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IN BRIEF

Fiction

October 02, 1994|ERIKA TAYLOR

USER by Bruce Benderson (Dutton: $19.95; 272 pp.) Imagine taking a tour through the seediest part of New York. Your tour guide--a young, gay prostitute who will do anything, truly anything, for a bag of heroin--shoves you directly into the lives of various desperate street people. There are drug-addicted transvestites, angry homeless teen-agers, hustlers, crack dealers and any other imaginable type of nighttime dweller. When, after a couple of hours, you tell your guide (who's named Apollo) that it's time to go home, he says, "Sorry, Sweetheart, there's still a lot I want you to see." That is more or less how it feels to read the first 20 pages of Bruce Benderson's novel, "User."

After 40 pages the feeling changes. This man is an amazing writer. Benderson gathers his characters inner selves, their conflicts with each other, and relationship to the world and creates a brutal overlapping collage. Somehow these people become so understandable, so alive that it no longer matters if their actions are sympathetic or even make any sense to mainstream society. They are presented without judgment of any kind.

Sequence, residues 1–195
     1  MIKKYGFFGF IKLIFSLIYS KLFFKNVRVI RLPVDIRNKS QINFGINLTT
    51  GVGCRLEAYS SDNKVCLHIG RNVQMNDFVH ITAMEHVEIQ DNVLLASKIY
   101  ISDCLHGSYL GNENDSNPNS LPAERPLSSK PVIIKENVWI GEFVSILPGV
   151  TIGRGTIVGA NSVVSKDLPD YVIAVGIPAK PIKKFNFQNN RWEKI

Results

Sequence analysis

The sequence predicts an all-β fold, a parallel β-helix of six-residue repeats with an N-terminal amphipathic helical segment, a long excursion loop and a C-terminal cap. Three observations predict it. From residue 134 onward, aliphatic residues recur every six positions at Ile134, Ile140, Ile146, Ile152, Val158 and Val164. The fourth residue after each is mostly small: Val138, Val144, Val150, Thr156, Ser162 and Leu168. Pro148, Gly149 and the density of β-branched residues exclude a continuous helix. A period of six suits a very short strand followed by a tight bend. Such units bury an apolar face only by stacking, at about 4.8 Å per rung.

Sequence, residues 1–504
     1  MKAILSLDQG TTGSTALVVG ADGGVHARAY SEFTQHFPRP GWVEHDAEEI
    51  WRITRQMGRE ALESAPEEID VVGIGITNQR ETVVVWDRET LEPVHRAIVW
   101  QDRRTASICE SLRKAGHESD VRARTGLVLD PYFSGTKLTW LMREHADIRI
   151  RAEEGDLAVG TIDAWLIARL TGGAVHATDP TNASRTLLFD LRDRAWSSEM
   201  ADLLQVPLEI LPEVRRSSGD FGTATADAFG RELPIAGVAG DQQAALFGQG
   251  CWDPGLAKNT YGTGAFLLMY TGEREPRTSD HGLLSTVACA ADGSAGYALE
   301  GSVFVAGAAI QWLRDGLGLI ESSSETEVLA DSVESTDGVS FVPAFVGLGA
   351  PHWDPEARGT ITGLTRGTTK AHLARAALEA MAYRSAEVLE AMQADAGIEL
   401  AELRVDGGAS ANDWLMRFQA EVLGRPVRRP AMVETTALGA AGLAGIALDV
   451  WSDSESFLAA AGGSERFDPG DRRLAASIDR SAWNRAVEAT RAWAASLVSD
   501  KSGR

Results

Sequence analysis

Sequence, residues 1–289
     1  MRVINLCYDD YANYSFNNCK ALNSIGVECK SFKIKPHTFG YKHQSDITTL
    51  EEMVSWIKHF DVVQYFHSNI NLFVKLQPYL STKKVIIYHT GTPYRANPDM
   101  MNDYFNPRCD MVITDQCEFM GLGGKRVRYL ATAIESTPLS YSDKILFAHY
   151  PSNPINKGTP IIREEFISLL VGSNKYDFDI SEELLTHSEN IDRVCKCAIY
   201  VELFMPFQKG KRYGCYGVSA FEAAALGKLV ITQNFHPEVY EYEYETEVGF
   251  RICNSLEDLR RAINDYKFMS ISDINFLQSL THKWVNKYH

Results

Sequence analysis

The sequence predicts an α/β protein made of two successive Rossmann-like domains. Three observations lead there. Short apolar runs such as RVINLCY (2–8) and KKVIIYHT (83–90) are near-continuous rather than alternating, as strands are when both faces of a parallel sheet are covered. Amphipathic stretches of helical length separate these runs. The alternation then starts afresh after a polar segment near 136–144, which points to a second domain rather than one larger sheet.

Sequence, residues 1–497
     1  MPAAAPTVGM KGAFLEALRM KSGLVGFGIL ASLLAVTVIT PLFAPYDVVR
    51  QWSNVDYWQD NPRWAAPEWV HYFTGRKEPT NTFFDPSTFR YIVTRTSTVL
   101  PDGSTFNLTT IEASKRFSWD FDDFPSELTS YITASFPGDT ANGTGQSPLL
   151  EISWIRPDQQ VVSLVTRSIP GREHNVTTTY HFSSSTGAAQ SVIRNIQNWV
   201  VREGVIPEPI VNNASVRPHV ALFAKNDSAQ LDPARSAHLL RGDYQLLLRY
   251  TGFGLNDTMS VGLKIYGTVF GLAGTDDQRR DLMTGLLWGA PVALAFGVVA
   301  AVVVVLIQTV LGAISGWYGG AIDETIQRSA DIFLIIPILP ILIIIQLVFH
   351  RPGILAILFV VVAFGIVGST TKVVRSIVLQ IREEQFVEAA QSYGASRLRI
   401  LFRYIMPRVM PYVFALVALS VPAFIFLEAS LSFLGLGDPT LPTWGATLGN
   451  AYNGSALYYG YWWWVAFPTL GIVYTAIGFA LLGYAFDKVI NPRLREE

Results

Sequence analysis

Near the beginning of "User" Apollo fights and almost kills Casio, the bouncer at a Times Square porn theater where he turns tricks. Casio's son swear revenge. Apollo's subsequent attempts to lay low from police and pull his life together while Casio's son looks for him form just enough plot to keep the pages turning. But, "User," isn't really about plot, it's about, among other things, different kinds of addiction. "He stood in the light of the sex movie to use its pale colors to tie up and shoot the bag. He realized that he had missed the burial of the needle in flesh as much as he had missed the dope. It's not the dope that makes the big difference, he thought as it seeped into his flesh. It's doing it." "User" is a book for a very specific audience, but that doesn't change the fact that it is unmistakably brilliant.

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